Leong Sze Hian
I refer to the articles “Govt working with banks to develop ‘S’porean core’” (Today, Jun 17) and “‘Crucial that S’pore core can land top banking jobs’” (Straits Times, Jun 17).
“Active discussion” over a year?
The former states that “Acknowledging that some financial institutions, particularly the foreign banks, have to do more to develop a “Singaporean core”, Deputy Prime Minister Tharman Shanmugaratnam said yesterday that the Government has been holding an “active discussion” for over a year with these institutions to improve the situation.
“Very responsive and positive”?
Noting that they have been “very responsive and positive” to the Government’s call, Mr Tharman stressed that it was “not just a numbers game”.
Pointing out that, overall, Singaporeans “still hold a very large majority of professional jobs” in the financial sector, Mr Tharman said: “There has to be real opportunities … real training and exposure given to Singaporeans so that they can take up positions as their career progresses.”
Mr Tharman, who is also the Finance Minister, said that the Monetary Authority of Singapore is in “constant discussion” with the banks on the issue, while both he and Acting Manpower Minister Tan Chuan-Jin have been talking directly to the lenders’ chief executive officers.”
GP lesson in logical and critical thinking?
Now, lets say you are students in a GP class, and after your GP teacher gives you the above, she ask “What questions do you have after reading this? What would you like to ask to get a better understanding and picture of what’s going on?”
Well, I think after some poking and plodding – some students may start talking along these lines :
How come “boh” statistics?
Teacher, if they have “been holding an “active discussion” for over a year with these institutions to improve the situation”, wouldn’t the obvious question to ask be what is the outcome and how much has the situation improved? What was the situation a year ago and what is the situation now?
In order words, how have the statistics on Singaporean workers in the financial sector improved in the year? What percentage of all jobs, senior high-pay jobs, PMET jobs, lower-pay jobs, new hires, etc went to Singaporeans (now compared to a year ago)?
By the way, coincidentally, the above was said during a dialogue with students (ha ha).
Talk in “riddles”?
I don’t know about you, but I find it rather strange that often when it comes to the statistics, they often tend to be spoken in “riddles” form.
For example, in the subject matter, the article referenced above said “overall, Singaporeans “still hold a very large majority of professional jobs” in the financial sector”. So, what exactly does “very large majority” mean? 60% 70%? What about the top jobs (the headline of the latter article referenced above), PMET jobs, total jobs, new hires, retrenchments – still “very large majority”?
Why can’t we just say simply, X per cent are Singaporeans?
Since ““very responsive and positive” – how come no statistics to support hah?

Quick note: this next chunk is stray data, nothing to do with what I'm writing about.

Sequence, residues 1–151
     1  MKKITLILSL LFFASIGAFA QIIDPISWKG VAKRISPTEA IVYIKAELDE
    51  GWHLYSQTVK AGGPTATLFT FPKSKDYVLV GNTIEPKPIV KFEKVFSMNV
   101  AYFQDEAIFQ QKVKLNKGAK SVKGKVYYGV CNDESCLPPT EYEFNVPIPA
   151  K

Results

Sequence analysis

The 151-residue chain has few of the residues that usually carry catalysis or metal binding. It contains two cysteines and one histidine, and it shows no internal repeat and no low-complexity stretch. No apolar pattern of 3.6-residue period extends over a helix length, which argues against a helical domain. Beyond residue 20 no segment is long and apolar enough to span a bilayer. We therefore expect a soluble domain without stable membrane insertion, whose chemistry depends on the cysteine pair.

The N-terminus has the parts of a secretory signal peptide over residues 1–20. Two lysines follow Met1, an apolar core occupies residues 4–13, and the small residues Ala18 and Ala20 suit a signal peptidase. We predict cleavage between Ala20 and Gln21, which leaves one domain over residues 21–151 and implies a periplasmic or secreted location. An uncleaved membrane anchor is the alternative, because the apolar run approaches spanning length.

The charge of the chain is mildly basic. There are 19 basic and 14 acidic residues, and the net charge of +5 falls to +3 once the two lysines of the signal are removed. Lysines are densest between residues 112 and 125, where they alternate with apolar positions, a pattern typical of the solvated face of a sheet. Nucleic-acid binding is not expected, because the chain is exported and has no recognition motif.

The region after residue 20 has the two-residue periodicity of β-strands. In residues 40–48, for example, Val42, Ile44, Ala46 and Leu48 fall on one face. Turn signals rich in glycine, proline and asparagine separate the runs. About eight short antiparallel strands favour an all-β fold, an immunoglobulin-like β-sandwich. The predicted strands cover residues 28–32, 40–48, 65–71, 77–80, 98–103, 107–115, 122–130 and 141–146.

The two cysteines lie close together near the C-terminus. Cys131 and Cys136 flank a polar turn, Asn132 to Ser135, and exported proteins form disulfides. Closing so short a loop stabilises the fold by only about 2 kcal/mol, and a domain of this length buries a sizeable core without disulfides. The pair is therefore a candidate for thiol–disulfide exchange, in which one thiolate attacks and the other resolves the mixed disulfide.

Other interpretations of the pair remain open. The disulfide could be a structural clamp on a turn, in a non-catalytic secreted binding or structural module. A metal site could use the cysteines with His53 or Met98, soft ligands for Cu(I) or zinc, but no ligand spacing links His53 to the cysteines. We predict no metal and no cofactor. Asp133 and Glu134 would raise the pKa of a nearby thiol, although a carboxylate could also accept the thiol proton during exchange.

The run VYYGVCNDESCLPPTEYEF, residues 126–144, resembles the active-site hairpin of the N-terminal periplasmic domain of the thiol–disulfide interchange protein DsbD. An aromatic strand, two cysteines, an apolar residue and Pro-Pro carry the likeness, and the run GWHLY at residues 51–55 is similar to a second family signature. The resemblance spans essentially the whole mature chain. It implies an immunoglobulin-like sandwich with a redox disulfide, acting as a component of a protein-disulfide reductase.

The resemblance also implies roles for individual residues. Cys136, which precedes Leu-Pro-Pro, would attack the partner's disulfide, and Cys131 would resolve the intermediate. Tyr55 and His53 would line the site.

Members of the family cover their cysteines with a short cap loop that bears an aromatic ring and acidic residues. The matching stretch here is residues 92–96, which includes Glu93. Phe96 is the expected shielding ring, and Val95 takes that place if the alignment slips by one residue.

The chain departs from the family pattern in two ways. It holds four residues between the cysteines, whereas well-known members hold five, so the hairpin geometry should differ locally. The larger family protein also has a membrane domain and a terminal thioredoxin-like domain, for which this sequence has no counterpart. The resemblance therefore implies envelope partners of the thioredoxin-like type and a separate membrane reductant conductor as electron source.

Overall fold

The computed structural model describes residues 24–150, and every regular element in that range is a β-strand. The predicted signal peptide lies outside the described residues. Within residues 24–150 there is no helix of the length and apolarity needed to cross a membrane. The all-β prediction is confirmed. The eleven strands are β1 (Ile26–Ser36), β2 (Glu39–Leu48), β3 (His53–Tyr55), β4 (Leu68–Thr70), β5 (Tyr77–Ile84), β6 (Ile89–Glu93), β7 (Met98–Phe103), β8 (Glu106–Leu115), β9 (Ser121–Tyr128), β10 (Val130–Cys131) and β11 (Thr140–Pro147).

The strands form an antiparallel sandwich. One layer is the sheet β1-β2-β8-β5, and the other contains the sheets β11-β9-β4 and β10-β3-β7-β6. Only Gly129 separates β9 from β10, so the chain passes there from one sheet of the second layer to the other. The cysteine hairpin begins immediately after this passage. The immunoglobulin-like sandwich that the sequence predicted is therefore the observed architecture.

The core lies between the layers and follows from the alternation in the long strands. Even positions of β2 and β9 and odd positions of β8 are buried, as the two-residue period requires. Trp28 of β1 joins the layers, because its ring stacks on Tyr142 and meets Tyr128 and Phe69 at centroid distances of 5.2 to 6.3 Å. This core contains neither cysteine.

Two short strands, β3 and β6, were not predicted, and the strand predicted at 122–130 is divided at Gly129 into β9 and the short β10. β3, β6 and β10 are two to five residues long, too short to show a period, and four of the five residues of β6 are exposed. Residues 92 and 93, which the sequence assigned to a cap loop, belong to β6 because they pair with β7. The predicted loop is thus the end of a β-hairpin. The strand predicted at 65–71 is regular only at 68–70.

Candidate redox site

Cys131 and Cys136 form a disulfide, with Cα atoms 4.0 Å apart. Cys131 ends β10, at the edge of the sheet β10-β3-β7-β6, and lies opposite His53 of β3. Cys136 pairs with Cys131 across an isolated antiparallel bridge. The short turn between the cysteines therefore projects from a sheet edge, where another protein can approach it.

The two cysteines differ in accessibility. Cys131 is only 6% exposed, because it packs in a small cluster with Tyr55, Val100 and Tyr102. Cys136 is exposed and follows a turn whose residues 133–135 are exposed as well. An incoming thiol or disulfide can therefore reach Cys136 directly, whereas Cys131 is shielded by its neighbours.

Actually ““not just a numbers game” may be an understatement, because there were no numbers given at all! Who’s playing “a numbers game”?
Can employ 100% non-Singaporeans?
Under the current foreign workers’ rules, a firm can employ 100% non-Singaporeans. For example, 55% PRs, 20% S-pass, 20% employment pass and 5% work permit.
When will we ever know?
And its not just the non-Singaporean workers’ statistics that we can’t get – others like the local universities’ total enrolment of non-Singaporeans, casino entry statistics of Singaporeans , etc, are still a mystery despite questions in Parliament that got replies, but not the answers to the questions.
If his statistics were obtained from the MOM, then we may have a problem. Because, they don’t breakdown the employment statistics into Singaporeans and PRs. Foreign university interns and foreign spouses on long-term visit pass plus are also not counted in the employment statistics, as I understand it.
Sometimes breakdown, sometimes don’t? (system breakdown is it?)
You see (actually you don’t see because they don’t breakdown), trying to figure out the non-Singaporean worker statistics is kind of challenging in Singapore, because some statistics have breakdown, but some don’t.
For example, after people were asking for many years, the unemployment statistics started having Singaporeans and PRs breakdown about 2 years ago, but there is still no breakdown for the total employment, employment change, etc, statistics.
Sometimes give total, sometimes give change?
The other problem is that sometimes, you get the change in the total, and sometimes you get the number of new passes, etc.
Let me try to explain this with an example (because can be quite mind boggling). Let’s say the total number of PR workers increase by 30,000 in a year. But that may only be half the story, because 25,000 PRs may have become citizens in the year, so actually the increase in totality may be 55,000.
But, this may still be just three-quarters of the story now, because 10,000 PRs may have left in the year. So, the new PRs granted may actually have been 40,000, and not just the 30,000 increase.
If you are confused – it can get even more confusing. Because, sometimes the Singaporeans only statistics are given, most notably when the Budget is being delivered. Sometimes can, sometimes cannot.
One of the most incredulous replies in Parliament about a decade ago, was that the data collected did not distinquish between PRs and Singaporeans or something. However, we can now see the statistics going all the way back in history for more than 10 years on the broken-down unemployment statistics (pejia lobang?).